11:35:28 on May 30
By: Steve Krutzler
Star Trek: Deep Space Nine A Stitch In Time, by Andrew J. Robinson - Book Review
Written By Steve Krutzler
Cruising along the Intracoastal Waterway en route to the Bahamas, I pulled out my copy of the recently published “A Stitch In Time”, the self-told (in a manner of speaking) life story of Elim Garak—quite possibly the most popular recurring guest character in the history of ‘Star Trek’—espoused by none other than the actor who played him for seven years, Andrew J. Robinson. It had been sitting on my shelf (along with the other two copies and numerous other new ‘Trek’ novels Pocket Books sent me for reviewing purposes) for over a month now and though I was intrigued every time I glanced at the novel—I too was fond of the Cardassian tailor who populated some of the very best episodes of ‘Star Trek: Deep Space Nine’—my prior experience with ‘Trek’ novels inevitably kept me from picking it up.
I’m not a big novel reader and when I did read a fair amount of ‘Trek’ novels, I found them to be artistically unchallenging and not much more than another episode with more description of my favorite characters than I realized I cared to know. Long passages devoted to Sisko’s first cooking experience are less than page-turners. I also found every character’s “voice” so perfectly emulated that the fascinating idiosyncrasies, which made these people so interesting on screen, were nauseatingly frequented paragraph after paragraph and soon you were overwhelmed by what I not-too-euphemistically call the “just too much ‘Star Trek’ syndrome”.
In fact, this is one reason that I had any interest in this new book by Andrew Robinson at all: so little is known about the character of Garak that over-saturation of characterization seemed less likely. Further, I was also interested to see how a novel about a character written by the actor who portrayed him would turn out; in effect, Robinson’s outsider status to ‘Trek’ novel-writing gave me a glimmer of hope that perhaps I could get beyond the first fifty pages. And so, as I began the novel motoring South on Florida’s ICW, continued reading on the open Atlantic traveling to the Bahamas, and finally finished it a few short days later while moored in Spanish Cay Marina, I was treated to a tale which somehow allowed me to overcome my usual inability to read little more than twenty pages in one sitting and made me wish it hadn’t ended nearly four-hundred leaflets later.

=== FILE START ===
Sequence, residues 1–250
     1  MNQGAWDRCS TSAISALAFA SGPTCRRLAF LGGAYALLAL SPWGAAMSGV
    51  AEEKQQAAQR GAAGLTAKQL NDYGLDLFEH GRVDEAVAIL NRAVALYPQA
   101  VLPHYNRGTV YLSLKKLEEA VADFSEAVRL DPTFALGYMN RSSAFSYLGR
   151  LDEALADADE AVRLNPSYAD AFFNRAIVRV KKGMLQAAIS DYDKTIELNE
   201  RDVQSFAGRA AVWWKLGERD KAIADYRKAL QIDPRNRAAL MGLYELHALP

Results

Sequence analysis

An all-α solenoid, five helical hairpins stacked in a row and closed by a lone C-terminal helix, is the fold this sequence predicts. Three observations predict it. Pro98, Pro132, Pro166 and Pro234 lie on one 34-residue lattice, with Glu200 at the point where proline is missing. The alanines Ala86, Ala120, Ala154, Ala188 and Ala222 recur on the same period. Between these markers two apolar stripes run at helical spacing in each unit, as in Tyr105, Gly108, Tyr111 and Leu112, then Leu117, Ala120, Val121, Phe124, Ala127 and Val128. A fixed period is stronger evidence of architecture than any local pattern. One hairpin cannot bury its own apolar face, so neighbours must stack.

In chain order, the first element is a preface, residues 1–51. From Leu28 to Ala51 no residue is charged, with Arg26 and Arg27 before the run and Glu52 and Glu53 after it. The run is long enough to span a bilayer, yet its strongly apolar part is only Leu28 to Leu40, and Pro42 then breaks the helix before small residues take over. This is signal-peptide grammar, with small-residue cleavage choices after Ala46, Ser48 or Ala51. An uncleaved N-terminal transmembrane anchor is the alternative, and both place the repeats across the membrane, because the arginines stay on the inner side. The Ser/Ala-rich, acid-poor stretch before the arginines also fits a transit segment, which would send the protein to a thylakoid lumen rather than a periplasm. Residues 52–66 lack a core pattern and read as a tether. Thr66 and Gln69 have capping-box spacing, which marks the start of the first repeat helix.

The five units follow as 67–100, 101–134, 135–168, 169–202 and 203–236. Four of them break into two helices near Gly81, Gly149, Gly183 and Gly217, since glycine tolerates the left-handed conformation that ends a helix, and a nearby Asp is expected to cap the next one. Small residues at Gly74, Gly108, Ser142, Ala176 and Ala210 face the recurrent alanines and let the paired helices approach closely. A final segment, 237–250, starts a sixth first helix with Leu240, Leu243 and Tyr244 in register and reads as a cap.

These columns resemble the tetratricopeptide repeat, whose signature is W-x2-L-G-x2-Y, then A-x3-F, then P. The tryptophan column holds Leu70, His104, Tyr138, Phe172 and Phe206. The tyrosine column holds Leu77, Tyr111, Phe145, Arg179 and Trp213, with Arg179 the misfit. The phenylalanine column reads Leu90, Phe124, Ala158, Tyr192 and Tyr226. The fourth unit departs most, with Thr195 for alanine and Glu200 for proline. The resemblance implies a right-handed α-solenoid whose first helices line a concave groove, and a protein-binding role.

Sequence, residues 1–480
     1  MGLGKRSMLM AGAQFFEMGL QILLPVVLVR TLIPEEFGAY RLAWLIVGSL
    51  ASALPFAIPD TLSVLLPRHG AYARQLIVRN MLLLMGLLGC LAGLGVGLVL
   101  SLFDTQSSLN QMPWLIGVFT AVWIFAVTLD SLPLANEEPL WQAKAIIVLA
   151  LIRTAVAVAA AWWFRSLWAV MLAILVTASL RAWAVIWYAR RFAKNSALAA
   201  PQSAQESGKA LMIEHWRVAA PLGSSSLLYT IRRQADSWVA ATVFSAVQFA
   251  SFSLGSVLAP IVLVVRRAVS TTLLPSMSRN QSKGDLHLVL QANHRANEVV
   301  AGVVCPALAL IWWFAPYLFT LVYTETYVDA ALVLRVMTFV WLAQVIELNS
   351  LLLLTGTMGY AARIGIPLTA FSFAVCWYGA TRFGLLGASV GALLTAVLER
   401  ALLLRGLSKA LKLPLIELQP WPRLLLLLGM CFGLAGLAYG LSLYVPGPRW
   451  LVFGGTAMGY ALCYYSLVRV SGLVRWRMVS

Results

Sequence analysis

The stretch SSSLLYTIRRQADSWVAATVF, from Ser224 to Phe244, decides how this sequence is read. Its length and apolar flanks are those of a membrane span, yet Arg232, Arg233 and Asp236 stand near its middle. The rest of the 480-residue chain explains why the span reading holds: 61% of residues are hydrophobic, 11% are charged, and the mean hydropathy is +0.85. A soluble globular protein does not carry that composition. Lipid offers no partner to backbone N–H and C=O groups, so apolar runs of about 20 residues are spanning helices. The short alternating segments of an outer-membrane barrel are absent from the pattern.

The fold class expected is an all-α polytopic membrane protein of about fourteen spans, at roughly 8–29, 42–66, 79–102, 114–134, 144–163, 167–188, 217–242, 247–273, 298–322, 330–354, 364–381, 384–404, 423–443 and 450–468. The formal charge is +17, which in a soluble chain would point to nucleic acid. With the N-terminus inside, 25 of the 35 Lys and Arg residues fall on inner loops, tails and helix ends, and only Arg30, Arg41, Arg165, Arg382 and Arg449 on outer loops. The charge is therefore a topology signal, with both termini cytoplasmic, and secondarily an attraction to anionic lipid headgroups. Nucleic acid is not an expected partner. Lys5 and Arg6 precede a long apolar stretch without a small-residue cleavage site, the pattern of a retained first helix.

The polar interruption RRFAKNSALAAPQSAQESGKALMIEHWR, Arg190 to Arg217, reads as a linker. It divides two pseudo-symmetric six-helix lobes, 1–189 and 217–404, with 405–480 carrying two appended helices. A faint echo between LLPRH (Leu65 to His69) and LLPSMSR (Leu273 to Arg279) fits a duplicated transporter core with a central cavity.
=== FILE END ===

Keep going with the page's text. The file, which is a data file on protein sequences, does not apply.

Right off the bat, the novel’s first-person perspective is already less conventional than the typical ‘Star Trek’ novel and one is quickly presented with prose which is organized into a tripartite format, each section carried throughout the book and somewhat parallel to the others. ‘A Stitch In Time’ is the story of one man looking to find himself and each of the three running narratives—retrospective of his life from childhood onward, retrospective of time on DS9 leading up to the events of “What You Leave Behind”, and present-time in the form of letters to Dr. Bashir from Cardassia after the Dominion’s defeat—is vital to the portrait Robinson paints of his reluctant hero.